I’ve worn all of these already,  and tomorrow I’ll begin dipping into my collection to find still others.

I have to confess that I’m not particularly adept at tying my scarves as tightly as I probably should.  But whenever I encounter another pedestrian on my route (and there aren’t many), we steer clear of each other, and I use my (gloved) hand to press the scarf very close to my face.  That should do it, protection-wise.

One more thing I must remember before I wrap myself in one of my scarves:  Forget about lipstick.  Absolutely no one is going to see my lips, and any lip color would probably rub off on my scarf.  Forgeddaboutit.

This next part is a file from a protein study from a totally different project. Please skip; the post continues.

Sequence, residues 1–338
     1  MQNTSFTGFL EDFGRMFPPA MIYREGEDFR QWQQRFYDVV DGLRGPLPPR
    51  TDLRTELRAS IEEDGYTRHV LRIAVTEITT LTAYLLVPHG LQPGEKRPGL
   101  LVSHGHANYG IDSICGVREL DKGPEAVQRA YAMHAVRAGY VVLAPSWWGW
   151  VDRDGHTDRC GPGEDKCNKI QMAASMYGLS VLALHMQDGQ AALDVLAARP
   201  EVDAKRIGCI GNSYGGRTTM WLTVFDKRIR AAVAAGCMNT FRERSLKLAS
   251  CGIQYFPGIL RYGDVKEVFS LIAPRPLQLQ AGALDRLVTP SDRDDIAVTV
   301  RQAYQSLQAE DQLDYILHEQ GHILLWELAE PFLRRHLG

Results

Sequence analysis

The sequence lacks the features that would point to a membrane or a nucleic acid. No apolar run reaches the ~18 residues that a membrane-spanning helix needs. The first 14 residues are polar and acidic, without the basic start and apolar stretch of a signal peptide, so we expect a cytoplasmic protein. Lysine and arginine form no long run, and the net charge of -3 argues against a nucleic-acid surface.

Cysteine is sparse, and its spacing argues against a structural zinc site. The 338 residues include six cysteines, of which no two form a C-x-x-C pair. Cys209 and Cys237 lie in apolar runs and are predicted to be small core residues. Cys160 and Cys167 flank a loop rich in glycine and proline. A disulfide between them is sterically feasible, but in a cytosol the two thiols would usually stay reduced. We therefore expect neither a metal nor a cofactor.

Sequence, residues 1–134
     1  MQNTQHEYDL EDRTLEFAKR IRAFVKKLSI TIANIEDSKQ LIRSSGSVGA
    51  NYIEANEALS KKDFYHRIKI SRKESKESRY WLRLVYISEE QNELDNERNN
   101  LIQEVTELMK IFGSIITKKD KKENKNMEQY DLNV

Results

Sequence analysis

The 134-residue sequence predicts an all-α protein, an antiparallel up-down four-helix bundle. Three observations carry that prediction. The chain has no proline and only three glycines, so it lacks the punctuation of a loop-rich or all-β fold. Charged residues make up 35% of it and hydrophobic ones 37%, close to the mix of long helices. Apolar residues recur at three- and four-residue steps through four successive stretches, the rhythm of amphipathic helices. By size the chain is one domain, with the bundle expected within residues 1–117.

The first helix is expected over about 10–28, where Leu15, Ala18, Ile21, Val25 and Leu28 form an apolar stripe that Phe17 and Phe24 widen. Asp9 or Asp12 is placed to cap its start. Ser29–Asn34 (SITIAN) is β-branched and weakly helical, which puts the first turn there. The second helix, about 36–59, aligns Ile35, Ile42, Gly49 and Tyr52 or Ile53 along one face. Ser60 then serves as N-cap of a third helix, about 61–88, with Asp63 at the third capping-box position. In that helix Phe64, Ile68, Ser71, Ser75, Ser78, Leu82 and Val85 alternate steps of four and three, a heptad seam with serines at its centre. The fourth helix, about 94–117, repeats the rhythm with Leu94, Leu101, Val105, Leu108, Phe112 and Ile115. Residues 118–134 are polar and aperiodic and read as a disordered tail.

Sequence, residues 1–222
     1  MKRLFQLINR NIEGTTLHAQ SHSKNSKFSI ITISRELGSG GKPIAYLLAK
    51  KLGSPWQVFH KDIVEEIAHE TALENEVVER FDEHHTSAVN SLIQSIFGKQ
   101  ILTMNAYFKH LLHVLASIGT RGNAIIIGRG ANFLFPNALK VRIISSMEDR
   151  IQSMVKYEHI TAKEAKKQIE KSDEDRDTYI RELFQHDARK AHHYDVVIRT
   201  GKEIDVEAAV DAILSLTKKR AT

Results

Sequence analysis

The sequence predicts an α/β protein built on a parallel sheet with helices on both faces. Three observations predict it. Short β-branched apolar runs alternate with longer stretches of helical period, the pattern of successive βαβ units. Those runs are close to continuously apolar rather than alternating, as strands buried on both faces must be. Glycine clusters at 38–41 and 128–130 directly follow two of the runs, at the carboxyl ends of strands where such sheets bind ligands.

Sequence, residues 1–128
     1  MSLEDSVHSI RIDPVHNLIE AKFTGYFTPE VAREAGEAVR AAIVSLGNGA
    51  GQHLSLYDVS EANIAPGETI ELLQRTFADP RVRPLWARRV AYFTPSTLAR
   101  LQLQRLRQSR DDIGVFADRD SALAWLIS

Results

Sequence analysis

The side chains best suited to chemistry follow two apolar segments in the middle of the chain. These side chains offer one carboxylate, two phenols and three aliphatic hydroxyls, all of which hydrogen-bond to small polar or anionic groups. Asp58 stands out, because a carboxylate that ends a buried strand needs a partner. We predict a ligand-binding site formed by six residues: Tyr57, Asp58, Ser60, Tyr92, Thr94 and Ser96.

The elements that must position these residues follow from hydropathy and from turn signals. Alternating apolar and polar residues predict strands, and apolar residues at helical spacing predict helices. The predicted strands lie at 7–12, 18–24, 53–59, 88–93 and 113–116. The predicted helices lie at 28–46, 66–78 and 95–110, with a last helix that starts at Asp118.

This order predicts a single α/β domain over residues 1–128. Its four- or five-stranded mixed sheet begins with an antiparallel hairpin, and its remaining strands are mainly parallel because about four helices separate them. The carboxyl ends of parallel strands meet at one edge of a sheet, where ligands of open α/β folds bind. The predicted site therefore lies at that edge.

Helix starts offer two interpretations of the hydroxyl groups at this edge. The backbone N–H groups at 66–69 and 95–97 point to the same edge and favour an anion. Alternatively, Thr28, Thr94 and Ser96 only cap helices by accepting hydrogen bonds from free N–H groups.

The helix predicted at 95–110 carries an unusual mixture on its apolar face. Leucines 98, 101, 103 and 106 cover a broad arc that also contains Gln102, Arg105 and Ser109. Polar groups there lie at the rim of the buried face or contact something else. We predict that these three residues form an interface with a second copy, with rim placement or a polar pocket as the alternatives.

Please note:  By writing about my scarf-wearing, I do not mean to trivialize the seriousness of the current crisis.  I’m simply hopeful that wearing these bright scarves–and telling you about them–will help to soften the blow the virus has already dealt so many of us.

Please join me as a scarf-wearer and, with luck, we’ll all stay safe and well   Fingers crossed!

 

 

Hand-washing and drying–the right way–can save your life

The flu has hit the U.S., and hit it hard.  We’ve already seen flu-related deaths.  And now we confront a serious new threat, the coronavirus.

There’s no guarantee that this year’s flu vaccine is as effective as we would like, and right now we have no vaccine or other medical means to avoid the coronavirus.  So we need to employ other ways to contain the spread of the flu and other dangerous infections.